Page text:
18. What are your views on whether the court, as a whole, deals effectively with racial and gender bias?

19. Would you favor or oppose a system in which all sentencing decisions were routinely reported in local newspapers, indexed by the name of the judge?

20. Would you be willing to act as a settlement judge? What are the pros and cons of alternative dispute resolution?

21. Do you think the court system is working or do you believe the civil or criminal justice system is breaking down?

22. What types of clients have you represented while you have been an attorney?

23. What are your views on the need for more diversity on the bench and the manner in which the court treats members of different races?

24. Why should voters support you rather than your opponent?

25. What were the most important cases you had as a lawyer and why did you take the position you did in those cases?

26. Why do you believe you received the ratings you received from the organizations which rated you for the position of judge? Why do you believe you received the evaluations you received from the organizations which rated you for your position on the bench? (incumbents only)

27. Do you possess any expertise in a field other than law?

28. To what extent do you believe that a judge should or should not defer to actions of a legislature?

29. What is your most significant contribution to thr legal profession?

30. The California Supreme Court has recently ruled on the constitutionality of a state law that banned same sex marriage in California. As a judge, how would you go about determining how to rule on this issue if it appeared before you in your courtroom?

31. Do you agree with the following statement? “The Florida Constitution recognizes a right to same sex marriage.”

32. In re: TW, 551 So. 2d 1186 (Fla. 1989), held that a Florida law requiring parental consent before a minor child can undergo an abortion surgery was unconstitutional under Art. I, Sec. 23 of the Florida Constitution. The Florida Supreme Court held that the challenged statute fails because it intrudes upon the privacy of the pregnant minor from conception to birth. The TW court also ruled that where parental rights over a minor child are concerned, neither the state’s interest in protecting a minor child nor the preservation of the family unit is sufficiently compelling under Florida law to override Florida’s privacy amendment. Do you agree with the Court’s ruling in In re: TW?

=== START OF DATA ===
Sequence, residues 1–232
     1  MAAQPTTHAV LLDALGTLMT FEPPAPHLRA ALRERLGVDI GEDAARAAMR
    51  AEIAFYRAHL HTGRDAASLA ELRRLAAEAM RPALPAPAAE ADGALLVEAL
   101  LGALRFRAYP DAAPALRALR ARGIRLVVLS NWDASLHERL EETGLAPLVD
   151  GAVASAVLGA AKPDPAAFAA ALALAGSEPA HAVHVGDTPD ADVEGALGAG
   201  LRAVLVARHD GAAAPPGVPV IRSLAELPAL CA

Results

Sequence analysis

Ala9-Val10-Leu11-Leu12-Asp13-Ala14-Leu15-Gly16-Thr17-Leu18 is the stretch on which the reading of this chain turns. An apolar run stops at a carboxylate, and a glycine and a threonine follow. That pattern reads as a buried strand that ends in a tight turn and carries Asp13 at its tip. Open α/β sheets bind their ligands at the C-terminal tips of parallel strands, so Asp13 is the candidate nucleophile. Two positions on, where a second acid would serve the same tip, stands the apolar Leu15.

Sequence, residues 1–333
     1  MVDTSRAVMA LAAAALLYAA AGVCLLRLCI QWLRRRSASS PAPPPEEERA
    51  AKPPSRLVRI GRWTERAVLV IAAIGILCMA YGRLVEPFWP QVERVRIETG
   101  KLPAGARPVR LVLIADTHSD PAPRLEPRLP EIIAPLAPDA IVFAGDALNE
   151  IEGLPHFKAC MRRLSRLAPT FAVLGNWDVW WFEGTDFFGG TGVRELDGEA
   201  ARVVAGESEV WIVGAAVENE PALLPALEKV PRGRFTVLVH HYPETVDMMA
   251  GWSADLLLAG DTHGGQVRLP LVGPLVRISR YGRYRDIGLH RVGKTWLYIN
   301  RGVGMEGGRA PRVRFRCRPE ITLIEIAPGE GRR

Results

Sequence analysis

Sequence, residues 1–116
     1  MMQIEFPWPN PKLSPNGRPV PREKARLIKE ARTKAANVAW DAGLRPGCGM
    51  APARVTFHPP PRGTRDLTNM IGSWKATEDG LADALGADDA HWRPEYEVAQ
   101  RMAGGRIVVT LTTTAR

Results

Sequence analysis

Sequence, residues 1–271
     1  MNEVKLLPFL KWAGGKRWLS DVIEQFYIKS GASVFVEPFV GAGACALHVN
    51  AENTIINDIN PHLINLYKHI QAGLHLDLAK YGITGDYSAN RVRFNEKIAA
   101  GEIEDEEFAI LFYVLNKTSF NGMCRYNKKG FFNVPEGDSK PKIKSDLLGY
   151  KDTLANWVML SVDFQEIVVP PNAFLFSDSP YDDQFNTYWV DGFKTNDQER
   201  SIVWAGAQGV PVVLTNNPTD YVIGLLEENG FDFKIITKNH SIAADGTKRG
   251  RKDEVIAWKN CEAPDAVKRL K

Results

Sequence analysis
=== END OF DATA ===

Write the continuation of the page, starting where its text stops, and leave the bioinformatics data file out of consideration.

33. In Krischer v. McIver, 697 So. 2d 97 (Fla. 1997), the Florida Supreme Court held that a statute prohibiting assisted suicide did not violate Art. I, Sec. 23 (the Privacy Clause) of the Florida Constitution, because any asserted privacy interest in assisted suicide was outweighed by state’s compelling interests in preserving life, preventing suicide, and maintaining integrity of the medical profession. Do you agree with the court’s decision in Krischer?

34. Lofton v. Kearney, 157 F. Supp. 2d 1372 (Fla. 2001), held that a Florida law prohibiting homosexual adoption does not violate the Equal Protection Clause of the U.S. Constitution. Do you agree with this holding?

35. Bush v. Holmes, 919 So. 2d 392 (Fla. 2006), held that Florida’s educational voucher program (the “Florida Opportunity Scholarship Program”) violated the Florida Constitution because it “diverts public dollars into separate private systems parallel to and in competition with the free public schools that are the sole means set out in the Florida Constitution for the state to provide for the education of Florida’s children.” Do you agree with the reasoning of Bush v. Holmes?

36. In Delgado v. State, 776 So. 2d 233 (Fla. 2000), the Florida Supreme Court relied upon legal precedent in New York and other states and added the new element of “surreptitiously” to Florida’s statutory definition of burglary. At the time of the opinion, the text of the Florida’s Statute on burglary, Sec. 810.02(1), F.S., (1989), did not contain the term “surreptitiously” in its definition: Entering or remaining in a structure or a conveyance with the intent to commit an offense therein, unless the premises are at the time open to the public or the defendant is licensed or invited to enter or remain. Subsequently, the Legislature had to specifically nullify this Supreme Court opinion. Do you agree with the court’s addition of the required element of “surreptitiously” to Florida’s burglary statute in this case?